Criner also leans on electronic calls for his vocals during the breeding season. However, he combines his electronic call with his hand call howler or his diaphragm call. He loves using an open reed-style call to begin his calling sequences.

"I use my Blood Red Moon Howler to create long drawn-out howls, and then to do the yip, yip, yip sounds of the coyote whimper by sliding my mouth to the end of the reed of the call," Criner says.

Used in conjunction with an electronic call, the open-reed howler also allows him to create a realistic scenario that might take place during the breeding season.

"I place the electronic call a little farther away from me [about 50 to 60 yards away] then answer myself once I've completed my vocals on the Blood Red Moon Howler," Criner says.

With these two calls, Criner can either sound like multiple coyotes challenging each other for territory or a pair of coyotes seeking out one another for breeding. Either way, coyotes often respond because of the presence of another coyote, even if they might appear to be call shy when using familiar distress sounds. In any case, to get the most out of coyote vocals, you need calls capable of producing realistic sounds that trigger a response from coyotes.

LOCATION MATTERS

The right sounds are important, but so too is being in the right spot. You want to call from a quality stand, preferably in an area with lots of coyotes.

"I try to make quality stands where I know there are coyotes," Criner says. "I try to hunt in open areas, where I can see a long way because coyotes will work the wind; they will figure out things before they get to you."

To ensure you're choosing a good site, Embry suggests scouting areas on foot and howling to confirm the presence of coyotes. If done ahead of time, this helps assure better stands throughout the season.

Keeping pressure in mind is also important when choosing stands.

"I've had hunters tell me, ‘I know there are coyotes where I'm hunting, but I'm not having any luck calling them in,'" Embry says. "After talking to them, I usually find out that they are hunting the same places every weekend, thus putting too much pressure in the area."

He likens hunting coyotes to hunting a mature buck. If you hunt the same stand over and over, they are going to feel pressured and leave. Once you've identified several locations with coyotes, rotate through them over the course of the season. This will help hold coyotes in your area and make for more successful hunts.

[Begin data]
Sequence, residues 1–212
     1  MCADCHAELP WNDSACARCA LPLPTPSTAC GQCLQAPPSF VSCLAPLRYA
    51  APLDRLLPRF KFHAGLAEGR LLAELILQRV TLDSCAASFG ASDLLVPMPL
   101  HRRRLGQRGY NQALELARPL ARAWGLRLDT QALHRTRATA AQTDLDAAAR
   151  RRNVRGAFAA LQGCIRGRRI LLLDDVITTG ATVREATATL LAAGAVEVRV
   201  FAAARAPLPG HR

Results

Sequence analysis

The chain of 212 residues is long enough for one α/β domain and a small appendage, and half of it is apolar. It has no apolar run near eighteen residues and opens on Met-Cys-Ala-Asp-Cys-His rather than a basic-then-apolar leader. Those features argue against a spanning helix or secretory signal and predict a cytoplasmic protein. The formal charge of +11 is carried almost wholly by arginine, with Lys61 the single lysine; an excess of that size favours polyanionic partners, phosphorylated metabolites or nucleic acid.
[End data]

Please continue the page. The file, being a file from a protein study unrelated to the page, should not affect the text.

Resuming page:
The bottom line is, through March, coyotes have more on their mind than simply figuring out their next meal. They are anxious to find a mate, and they are aggravated, annoyed and curious because other coyotes are doing the same. When a coyote is actively responding to a certain sound—whether it's food or vocalizations—hunters should take advantage of the opportunity and speak their language to help seal the deal.

Top Translators

Two calls to tempt songdogs

Voice Box

The FoxPro X2S is a compact and powerful unit with a positional, high-definition speaker. The horn-style speaker has an added tweeter for improved frequency response, and the system allows for extreme volume and realistic sound clarity. The X2S features Bluetooth compatibility, so the user can connect wirelessly to devices and use their own personal sound library. With 100 pre-loaded sounds and the ability to store up to 1,000, this electronic call is a potent predator tool. It also comes with the popular TX1000 remote that includes FoxPro's pre-loaded sounds, as well as barometer, moon phase, temperature, timer, clock and battery level displays. ($579.95; gofoxpro.com)

Handy Howler

Part of the Dog Soldier Legend Series designed by world champion caller Steve Criner, the Blood Red Moon Open Reed Howler is an incredibly user-friendly open-reed-style howler. The call produces authentic howls, barks and many other coyote vocals perfect for breeding season. Each howler is designed and hand-tuned by Criner himself and is guaranteed to produce authentic sounds. ($44.99; coyotecalls.com)